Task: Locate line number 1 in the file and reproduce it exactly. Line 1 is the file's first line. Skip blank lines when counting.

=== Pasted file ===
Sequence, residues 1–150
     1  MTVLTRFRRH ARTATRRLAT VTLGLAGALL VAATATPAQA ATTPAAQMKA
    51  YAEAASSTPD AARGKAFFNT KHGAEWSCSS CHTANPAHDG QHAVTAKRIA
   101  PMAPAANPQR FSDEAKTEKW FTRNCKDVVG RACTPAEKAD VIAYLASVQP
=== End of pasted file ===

Sequence, residues 1–150